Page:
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Yewande talks life after Love Island

OPENING UP: Yewande Biala (Photo credit: Instagram)

LOVE ISLAND contestant Yewande Biala has opened up about her experience on ITV2’s Love Island, amid conversations on the lack of diversity in the hit series.

During her time on the show, the 23-year-old scientist from Dublin often struggled in the coupling-up process. After being dumped by Danny Williams, forcing her to leave the show, many viewers suggested there was a race problem in the villa, something Biala has now admitted to, saying she - alongside mixed-race contestant Amber Gill and Persian Londoner Anna Vakili - “struggled” more than their white co-stars.

In an interview with 1Xtra Talks, Biala explained: “We [Yewande, Amber and Anna] didn’t find anyone who liked us. It was always someone coming in and saying ‘my type is blonde and petite’. We’d just look at each other and say ‘they’re obviously not here for us’.”

Following her departure from the show, Biala was reluctant to read any news stories about herself out of fear of being portrayed negatively because of her race.

“I tried not to read any articles about myself because I didn’t want to get upset,” she said. “I think they were trying to label me as the angry black woman, which was kind of insane.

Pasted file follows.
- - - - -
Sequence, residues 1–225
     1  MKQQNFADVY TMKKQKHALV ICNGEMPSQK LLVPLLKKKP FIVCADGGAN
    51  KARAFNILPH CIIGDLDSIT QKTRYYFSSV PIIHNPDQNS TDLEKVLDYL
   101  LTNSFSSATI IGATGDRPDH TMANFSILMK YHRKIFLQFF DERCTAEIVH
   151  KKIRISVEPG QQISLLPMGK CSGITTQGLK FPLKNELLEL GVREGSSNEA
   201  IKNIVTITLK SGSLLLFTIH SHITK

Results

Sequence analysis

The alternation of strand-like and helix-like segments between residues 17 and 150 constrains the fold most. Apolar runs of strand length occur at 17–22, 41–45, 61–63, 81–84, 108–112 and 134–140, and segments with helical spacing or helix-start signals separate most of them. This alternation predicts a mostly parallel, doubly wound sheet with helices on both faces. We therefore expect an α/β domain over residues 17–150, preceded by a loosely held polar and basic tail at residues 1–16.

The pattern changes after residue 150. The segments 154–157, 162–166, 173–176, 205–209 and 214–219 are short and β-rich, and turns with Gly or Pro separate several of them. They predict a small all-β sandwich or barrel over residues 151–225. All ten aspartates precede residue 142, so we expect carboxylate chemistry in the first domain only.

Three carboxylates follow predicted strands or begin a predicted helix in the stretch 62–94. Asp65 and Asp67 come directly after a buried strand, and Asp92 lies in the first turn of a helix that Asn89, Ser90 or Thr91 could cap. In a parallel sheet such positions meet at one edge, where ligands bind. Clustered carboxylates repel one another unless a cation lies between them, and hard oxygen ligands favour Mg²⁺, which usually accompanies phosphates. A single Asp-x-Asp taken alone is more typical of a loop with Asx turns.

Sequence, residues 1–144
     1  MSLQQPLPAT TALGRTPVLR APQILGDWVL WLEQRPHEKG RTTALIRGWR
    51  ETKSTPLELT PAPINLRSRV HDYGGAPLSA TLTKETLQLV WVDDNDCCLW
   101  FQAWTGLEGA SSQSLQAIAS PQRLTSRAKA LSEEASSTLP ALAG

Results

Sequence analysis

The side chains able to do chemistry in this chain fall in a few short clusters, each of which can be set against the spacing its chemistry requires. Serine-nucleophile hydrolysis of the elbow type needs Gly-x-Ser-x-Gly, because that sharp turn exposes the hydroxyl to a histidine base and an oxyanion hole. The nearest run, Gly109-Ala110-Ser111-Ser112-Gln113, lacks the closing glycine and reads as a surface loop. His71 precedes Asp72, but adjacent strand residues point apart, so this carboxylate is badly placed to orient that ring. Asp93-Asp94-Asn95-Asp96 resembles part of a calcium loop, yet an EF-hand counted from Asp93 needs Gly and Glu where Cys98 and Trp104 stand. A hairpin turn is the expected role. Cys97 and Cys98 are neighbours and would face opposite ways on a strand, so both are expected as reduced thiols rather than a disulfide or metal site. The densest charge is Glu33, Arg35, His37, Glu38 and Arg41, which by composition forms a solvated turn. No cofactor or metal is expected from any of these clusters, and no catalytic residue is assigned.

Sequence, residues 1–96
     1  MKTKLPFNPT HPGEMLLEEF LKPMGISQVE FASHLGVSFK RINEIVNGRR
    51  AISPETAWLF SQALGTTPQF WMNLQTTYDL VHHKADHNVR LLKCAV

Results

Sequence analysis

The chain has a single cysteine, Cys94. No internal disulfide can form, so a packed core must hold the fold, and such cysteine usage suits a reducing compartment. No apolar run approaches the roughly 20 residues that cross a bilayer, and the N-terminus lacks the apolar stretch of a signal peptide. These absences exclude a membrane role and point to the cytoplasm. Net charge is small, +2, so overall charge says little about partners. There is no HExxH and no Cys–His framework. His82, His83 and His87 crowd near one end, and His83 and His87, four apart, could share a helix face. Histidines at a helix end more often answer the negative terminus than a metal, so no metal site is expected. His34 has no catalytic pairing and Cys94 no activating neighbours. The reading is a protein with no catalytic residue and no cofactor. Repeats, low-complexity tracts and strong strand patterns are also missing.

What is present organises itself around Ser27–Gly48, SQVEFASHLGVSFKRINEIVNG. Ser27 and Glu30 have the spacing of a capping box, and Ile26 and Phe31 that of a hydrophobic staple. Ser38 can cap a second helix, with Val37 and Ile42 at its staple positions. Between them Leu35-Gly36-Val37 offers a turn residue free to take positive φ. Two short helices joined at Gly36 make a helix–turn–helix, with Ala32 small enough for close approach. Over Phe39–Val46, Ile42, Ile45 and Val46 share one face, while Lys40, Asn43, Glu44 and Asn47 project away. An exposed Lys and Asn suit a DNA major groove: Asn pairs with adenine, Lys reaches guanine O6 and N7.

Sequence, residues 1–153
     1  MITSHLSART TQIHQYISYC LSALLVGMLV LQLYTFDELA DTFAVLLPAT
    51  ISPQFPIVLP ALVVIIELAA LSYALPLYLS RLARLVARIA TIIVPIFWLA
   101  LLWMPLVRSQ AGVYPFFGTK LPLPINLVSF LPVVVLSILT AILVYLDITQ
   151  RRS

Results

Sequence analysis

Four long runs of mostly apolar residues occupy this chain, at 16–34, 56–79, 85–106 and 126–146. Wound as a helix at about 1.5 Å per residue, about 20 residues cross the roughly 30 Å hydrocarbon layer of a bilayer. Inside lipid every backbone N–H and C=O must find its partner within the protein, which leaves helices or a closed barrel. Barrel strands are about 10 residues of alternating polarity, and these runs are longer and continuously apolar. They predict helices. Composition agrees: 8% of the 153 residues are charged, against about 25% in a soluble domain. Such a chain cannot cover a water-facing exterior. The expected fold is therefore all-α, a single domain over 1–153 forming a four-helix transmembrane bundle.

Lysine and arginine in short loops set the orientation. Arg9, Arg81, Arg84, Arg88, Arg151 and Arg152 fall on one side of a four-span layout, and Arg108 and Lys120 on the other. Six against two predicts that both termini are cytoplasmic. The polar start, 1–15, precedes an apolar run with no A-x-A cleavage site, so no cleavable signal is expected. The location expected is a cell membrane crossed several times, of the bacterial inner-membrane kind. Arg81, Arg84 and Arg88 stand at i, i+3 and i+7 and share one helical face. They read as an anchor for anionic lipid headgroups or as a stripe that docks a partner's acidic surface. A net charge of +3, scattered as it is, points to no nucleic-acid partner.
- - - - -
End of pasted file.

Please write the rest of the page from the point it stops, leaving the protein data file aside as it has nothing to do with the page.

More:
“Not once in the villa did I ever raise my voice or feel like I acted in that way, even considering the circumstances I was in.”

In another interview, the Irish beauty delved deeper into her experience as a dark skinned woman and the difficulties she faced with the media.

“When I got into this I realised being black is hard, but being black and in the media is harder. You have to stand out and you have to do more and it can get quite frustrating.”

“You feel like you’re not doing enough, but just keep pushing to keep doing what you’re doing and someone will see how amazing you are.”

She also discussed her thoughts on fellow contestant Sherif Lanre, admitting she didn’t think they’d get along.

“When Sherif walked in, I said this to him, I don’t think we’re going to get on, I don’t think he’s going to like me as a friend. I didn’t step forward at all because I thought he isn’t even going to like me.”

When questioned by presenter Reece Parkinson as to why that is, Biala replied: “With black men it's like they usually like light skinned women and Amber was by my side so I was like what’s the point in stepping forward and he did end up picking Amber to couple up with and when he coupled up again he picked Anna so I was like ‘Well we’re not going to get on’”.

“I don’t think it's a villa thing, it’s a society issue. It’s heightened in the villa because it’s only a couple of people.

Many people took to social media to praise Biala for her honesty and vulnerability.

One social media user wrote: “Yes Yewande! Every BW's journey to womanhood has involved to some degree a battle with oneself to do with this issue of colourism and preference.”

Another said: “Black is beautiful Some black men need to own there women with pride and power and stop hating.”

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